Today, Rep. Mark Pocan (D-WI) and Sens. Patty Murray (D-WA) and Tammy Baldwin (D-WI) reintroduced the Tyler Clementi Higher Education Anti-Harassment Act, which would require colleges and universities to have comprehensive anti-harassment policies that include LGBTQ young people.

Specifically, the legislation would require policies that prohibit harassment of enrolled students by other students, faculty, and staff based on actual or perceived race, color, national origin, sex, disability, sexual orientation, gender identity, or religion and would require colleges to distribute their anti-harassment policy to all students and employees, including prospective students and employees upon request. It would also explicitly prohibit behavior often referred to as cyberbullying.

Tyler Clementi, for whom the bill is named, was an 18 year-old freshman at Rutgers University in the fall of 2010. Without Clementi’s knowledge, his roommate streamed video footage on the internet of Clementi being intimate in his dorm room with another male. After his roommate attempted to stream another such interaction a few days later, Clementi ended his life.

After his death, Clementi’s parents founded the Tyler Clementi Foundation to combat bullying and harassment and to promote safe and inclusive environments for LGBTQ youth. Last July, Jane Clementi, Tyler’s mom, testified before the Senate Health, Education, Labor, and Pensions (HELP) Committee and implored the Committee to include the Tyler Clementi Higher Education Anti-Harassment Act in any reauthorization of the Higher Education Act.

“I believe this bill will allow institutions of higher education to take a fresh look and reexamine their policies and procedures that are and are not in place,” Jane shared in her written testimony to the committee. “In addition this legislation is your opportunity to not only keep our own young adults safe but to also have a global influence. Book knowledge is important but the wisdom of empathy and compassion is priceless. Bullying does not magically disappear when someone turns 18. We must continue to provide safe and supportive learning environments for all students in all learning environments including higher education.”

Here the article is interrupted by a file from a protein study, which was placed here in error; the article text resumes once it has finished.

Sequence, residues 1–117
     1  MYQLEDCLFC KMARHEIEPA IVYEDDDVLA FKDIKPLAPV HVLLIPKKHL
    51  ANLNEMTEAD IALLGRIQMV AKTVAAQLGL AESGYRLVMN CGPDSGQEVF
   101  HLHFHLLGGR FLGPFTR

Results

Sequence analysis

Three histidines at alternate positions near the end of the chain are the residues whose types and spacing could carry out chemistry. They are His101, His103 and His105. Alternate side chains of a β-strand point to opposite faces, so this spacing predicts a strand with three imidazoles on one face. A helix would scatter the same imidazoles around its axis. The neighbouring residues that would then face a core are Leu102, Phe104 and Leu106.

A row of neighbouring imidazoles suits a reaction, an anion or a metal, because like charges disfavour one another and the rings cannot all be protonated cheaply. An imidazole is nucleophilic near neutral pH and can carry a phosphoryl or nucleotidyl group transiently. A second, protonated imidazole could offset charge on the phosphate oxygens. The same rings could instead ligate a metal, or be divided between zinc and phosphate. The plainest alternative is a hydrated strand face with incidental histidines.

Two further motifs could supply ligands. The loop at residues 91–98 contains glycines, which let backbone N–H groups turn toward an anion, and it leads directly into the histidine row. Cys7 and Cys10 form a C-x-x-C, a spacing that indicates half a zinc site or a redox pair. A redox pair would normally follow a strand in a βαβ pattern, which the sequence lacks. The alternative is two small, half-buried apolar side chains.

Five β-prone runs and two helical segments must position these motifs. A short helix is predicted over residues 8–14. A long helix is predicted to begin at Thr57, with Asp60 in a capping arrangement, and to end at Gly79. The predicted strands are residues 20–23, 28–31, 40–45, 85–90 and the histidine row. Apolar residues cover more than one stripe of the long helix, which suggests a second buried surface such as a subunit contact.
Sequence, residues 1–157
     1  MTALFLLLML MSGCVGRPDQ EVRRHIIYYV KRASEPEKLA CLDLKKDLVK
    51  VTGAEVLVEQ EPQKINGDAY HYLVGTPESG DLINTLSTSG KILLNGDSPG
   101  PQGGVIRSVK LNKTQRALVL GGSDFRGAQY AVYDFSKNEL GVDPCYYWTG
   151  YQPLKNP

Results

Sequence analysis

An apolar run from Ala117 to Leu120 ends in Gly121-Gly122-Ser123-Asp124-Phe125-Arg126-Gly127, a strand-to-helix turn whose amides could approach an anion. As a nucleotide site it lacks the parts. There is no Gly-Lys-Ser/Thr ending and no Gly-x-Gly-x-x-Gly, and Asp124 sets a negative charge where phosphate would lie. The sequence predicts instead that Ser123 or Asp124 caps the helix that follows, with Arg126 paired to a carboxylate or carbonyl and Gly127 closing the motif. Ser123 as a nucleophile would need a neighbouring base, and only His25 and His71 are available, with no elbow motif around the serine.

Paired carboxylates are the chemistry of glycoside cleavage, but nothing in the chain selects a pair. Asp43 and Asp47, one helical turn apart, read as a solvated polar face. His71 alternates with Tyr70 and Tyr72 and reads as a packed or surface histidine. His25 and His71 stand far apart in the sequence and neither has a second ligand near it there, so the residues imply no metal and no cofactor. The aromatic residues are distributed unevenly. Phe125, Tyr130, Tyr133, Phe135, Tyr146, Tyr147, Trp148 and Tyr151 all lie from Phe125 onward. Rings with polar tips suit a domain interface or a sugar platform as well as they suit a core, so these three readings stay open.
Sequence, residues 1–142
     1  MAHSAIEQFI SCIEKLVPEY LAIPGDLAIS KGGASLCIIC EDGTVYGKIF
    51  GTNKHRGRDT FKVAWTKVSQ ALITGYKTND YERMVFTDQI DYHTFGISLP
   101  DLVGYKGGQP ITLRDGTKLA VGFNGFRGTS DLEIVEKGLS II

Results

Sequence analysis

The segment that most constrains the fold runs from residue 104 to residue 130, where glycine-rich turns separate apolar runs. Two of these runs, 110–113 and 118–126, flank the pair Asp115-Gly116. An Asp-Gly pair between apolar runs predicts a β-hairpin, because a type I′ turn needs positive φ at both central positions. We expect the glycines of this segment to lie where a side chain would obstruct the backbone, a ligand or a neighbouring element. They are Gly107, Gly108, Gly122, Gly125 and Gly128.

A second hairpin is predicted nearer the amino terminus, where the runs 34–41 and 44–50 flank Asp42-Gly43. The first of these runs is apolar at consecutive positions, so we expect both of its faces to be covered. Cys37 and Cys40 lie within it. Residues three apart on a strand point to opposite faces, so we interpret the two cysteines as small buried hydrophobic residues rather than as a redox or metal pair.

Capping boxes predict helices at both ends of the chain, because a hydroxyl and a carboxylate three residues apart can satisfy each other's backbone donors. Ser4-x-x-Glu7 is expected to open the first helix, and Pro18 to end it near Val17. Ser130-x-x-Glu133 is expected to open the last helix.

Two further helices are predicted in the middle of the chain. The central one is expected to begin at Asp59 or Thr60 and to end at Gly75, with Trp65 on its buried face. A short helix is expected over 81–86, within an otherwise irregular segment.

HRC applauds Senators Murray and Baldwin and Representative Pocan for their unwavering support for LGBTQ young people. We will continue to work with them and all of our champions on Capitol Hill to pass this legislation.

Author: Jennifer Pike Bailey
Posted: April 27, 2017, 9:18 pm

HRC launched a website -- -- chronicling the Trump Administration’s unprecedented attacks against the LGBTQ community. The timeline, which will continue to be updated, spotlights efforts to undermine the LGBTQ community from rescinding guidelines protecting transgender students, to appointing Jeff Sessions to the nation’s highest law enforcement post, to threatening a “license to discriminate” Executive Order and erasing LGBTQ people in federal data gathering -- as well as how the community is fighting back.